In stark contrast with its tiny passageways, the historical significance of Cu Chi tunnels is far and wide. Consisting of an enormous network of intertwining underground tunnels situated in the Cu Chi District of Ho Chi Minh City, the Cu Chi are only a part of a much bigger grid of covert tunnels constructed by the North Vietnamese soldiers during the Vietnam War. Today, tourists flock to this location not only to insert their bodies into the small openings but to get an impression of a portion of Vietnam’s storied past as well.
Exploring these networks of tunnels provides a feeling resembling a period in Vietnam’s history when the whole Cu Chi tunnels were used as living quarters of the Viet Cong’s and as the main base of operations for the 1968’s Tet War Offensive Campaign.
The tunnels served many important roles during the Vietnam War. It functioned as the Viet Cong’s sanctuary during battles against the Americans, to re-charge and re-supply their troops fighting in the front lines, as well as a makeshift hospital and communication and weapons storage. After the war, historians have studied the tunnels system of Cu Chi only to find conclusive pieces of evidence suggesting the crucial importance it played in the effective resistance of the Viet Cong against the American forces.
What is life like inside the tunnels?
Fortunately for us tourists, we could only experience being inside the tunnels within a matter of minutes only. For those North Vietnamese soldiers who laboured for days, weeks and even months during the war, life in the tunnels were nothing sort of being in purgatory.
American soldiers first described the tunnels as “Black Echo”, because of its endless pitch of darkness that screams of an isolated vibe. Aside from battling their enemies, the North Vietnamese soldiers have also endured a shortage of breathable air, drinkable water and food to go along with an evading infestation of ants and being bitten by poisonous spiders, scorpions, snakes, vermin and centipedes. Life underground is mostly miserable and boring, to an extent that some Viet Congs would prefer being engaged in a firefight than spend their days limited to the confines of these dark networks of tunnels.
Sickness like malaria outbreak became a normal occurrence and turned out to be the second cause of death next to gunshot wounds. One former Viet Cong soldier once refers to the tunnels as a real representation of what war truly is all about.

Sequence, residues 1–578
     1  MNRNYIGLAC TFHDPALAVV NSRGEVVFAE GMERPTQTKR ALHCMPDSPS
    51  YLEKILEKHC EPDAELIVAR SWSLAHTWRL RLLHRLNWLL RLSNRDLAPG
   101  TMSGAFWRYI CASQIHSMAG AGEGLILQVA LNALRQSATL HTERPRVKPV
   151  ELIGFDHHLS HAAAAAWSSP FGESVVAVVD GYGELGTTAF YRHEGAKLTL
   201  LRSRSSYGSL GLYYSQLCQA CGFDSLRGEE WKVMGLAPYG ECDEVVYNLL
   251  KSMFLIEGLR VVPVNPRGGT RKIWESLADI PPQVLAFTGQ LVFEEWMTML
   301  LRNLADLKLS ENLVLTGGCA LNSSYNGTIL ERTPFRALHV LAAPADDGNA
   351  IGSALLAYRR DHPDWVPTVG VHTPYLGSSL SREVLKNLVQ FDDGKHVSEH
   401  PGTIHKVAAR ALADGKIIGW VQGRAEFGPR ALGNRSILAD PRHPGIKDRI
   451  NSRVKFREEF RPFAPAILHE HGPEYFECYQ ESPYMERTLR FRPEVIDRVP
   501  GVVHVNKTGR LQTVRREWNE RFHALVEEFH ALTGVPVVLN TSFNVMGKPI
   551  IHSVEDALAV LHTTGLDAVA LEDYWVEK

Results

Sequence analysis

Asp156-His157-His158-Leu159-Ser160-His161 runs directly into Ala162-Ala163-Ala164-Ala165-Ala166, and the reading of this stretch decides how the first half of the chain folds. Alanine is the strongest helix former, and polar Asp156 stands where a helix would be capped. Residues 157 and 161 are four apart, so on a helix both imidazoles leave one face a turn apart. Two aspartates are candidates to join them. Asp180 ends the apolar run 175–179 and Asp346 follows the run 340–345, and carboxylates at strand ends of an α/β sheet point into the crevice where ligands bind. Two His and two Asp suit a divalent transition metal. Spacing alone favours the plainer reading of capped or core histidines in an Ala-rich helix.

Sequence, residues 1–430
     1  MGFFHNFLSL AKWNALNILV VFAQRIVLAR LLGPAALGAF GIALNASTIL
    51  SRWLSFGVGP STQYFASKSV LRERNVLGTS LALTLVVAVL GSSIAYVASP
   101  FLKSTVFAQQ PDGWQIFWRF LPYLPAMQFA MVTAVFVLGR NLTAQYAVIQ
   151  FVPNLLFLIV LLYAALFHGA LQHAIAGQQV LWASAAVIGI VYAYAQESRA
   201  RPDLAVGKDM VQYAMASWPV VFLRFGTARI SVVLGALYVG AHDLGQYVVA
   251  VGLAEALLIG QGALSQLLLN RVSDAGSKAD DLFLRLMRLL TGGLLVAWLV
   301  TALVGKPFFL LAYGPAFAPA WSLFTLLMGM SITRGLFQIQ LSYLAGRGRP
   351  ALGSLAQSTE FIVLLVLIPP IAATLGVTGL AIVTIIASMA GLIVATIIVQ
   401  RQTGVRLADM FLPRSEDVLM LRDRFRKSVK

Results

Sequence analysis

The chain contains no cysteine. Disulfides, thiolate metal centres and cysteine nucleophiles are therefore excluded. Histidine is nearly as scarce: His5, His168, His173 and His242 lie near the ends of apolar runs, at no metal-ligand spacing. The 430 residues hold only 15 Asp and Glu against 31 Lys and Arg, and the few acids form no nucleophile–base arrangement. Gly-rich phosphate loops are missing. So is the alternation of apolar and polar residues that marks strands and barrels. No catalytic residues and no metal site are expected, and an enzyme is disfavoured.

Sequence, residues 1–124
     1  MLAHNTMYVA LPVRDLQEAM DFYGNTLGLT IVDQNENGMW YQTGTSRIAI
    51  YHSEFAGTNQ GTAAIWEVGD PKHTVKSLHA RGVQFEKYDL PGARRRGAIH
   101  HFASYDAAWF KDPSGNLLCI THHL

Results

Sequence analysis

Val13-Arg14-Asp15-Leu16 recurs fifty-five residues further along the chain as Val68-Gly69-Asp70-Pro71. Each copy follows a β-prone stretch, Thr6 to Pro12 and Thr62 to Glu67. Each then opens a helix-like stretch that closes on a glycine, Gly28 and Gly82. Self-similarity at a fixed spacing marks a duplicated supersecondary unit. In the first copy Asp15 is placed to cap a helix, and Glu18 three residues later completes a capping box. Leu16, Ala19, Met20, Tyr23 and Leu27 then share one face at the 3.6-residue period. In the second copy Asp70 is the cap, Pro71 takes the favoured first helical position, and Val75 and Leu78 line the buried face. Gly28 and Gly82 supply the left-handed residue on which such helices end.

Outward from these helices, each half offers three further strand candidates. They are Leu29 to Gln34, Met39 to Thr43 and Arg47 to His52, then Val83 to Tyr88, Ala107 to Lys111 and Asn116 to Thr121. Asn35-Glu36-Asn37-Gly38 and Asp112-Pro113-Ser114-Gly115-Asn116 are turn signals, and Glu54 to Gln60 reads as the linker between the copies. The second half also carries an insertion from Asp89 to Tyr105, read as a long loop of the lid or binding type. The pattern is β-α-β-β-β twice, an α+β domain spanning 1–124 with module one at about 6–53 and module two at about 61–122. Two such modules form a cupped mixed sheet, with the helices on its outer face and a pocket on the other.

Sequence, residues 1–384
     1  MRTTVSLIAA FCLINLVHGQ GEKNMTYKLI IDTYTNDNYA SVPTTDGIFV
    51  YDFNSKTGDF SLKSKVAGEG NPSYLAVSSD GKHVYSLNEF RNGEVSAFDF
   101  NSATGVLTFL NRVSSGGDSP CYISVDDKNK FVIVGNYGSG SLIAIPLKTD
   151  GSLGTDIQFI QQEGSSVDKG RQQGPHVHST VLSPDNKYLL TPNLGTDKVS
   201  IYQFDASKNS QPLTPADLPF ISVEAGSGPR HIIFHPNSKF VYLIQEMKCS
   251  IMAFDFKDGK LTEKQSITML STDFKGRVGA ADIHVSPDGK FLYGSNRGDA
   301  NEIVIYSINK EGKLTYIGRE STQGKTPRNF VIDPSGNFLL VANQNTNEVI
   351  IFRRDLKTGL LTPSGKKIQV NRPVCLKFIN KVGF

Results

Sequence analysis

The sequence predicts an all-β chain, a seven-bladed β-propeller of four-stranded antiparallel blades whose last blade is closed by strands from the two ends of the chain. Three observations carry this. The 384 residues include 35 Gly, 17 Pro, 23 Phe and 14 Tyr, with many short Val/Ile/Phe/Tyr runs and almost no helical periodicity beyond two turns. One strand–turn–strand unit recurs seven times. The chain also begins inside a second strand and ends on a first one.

What to see of Cu Chi tunnels today?
Today, visitors can explore the 121-kilometre long network of tunnels at Cu Chi. It has been preserved by the Vietnamese government and converted into a war memorial park. Due to the original construction of the tunnels designed to only fit Vietnamese soldiers, some parts of the tunnel system were modified to be able to fit bigger Western visitors.
Tourists can also see a museum inside the tunnels displaying various booby traps used during the war and the underground war station rooms. Here is where the North Vietnamese Generals brainstormed the historic planning of the 1968 Tet Offensive. Completing the experience, tourists can also order authentic Viet Cong meals to eat while clustered inside the tunnels.
After exiting the tunnels, tourists can fire live ammunition using an AK-47; the weapons of choice of the VCs, light M60 machine gun, an M16 rifle, into the shooting range.
Converse with the local guides
Make sure to engage your local guides in a long conversation as most of them are Vietnam War veterans or locals who experienced actual life in the tunnels. History is better learned straight from the words of those who experienced it first-hand. If you were an American, do not worry or feel bad as the Vietnamese people have now accepted that period in their history and embrace all comers from the rest of the world with a welcoming heart. They are just proud to share their history with their visitors. Cu Chi tunnels are one of the main historical sites near Ho Chi Minh that shouldn’t be missed.
What to bring to Cu Chi?
Aside from a sense of adventure and a yearning for new historical knowledge, one must bring insect repellant lotion. It is because the surrounding jungle is crowded with mosquitoes and bats.
Is it worth going to the Cu Chi tunnels?
YES. The Cu Chi tunnels aren’t just a tiny hole underground that dishes a unique environment. One can revel in a memorable experience outside of the norms and also one of the iconic representation of the Vietnam War. It is something both history and even non-history junkies will appreciate.
Have you visited Cu Chi Tunnels?
Let us know about your experience in the comments below. If you’re visiting Ho Chi Minh City, picked 5 fave halal food places. And if need to book a Muslim-friendly package, visit our Vietnam country guide for Muslim travellers.
Those who want to visit Cu Chi tunnels and prefer to have all the travel arrangements taken care of instead, visit our website for more info that includes a visit to Ho Chi Minh and Cu Chi Tunnel with an experienced guide.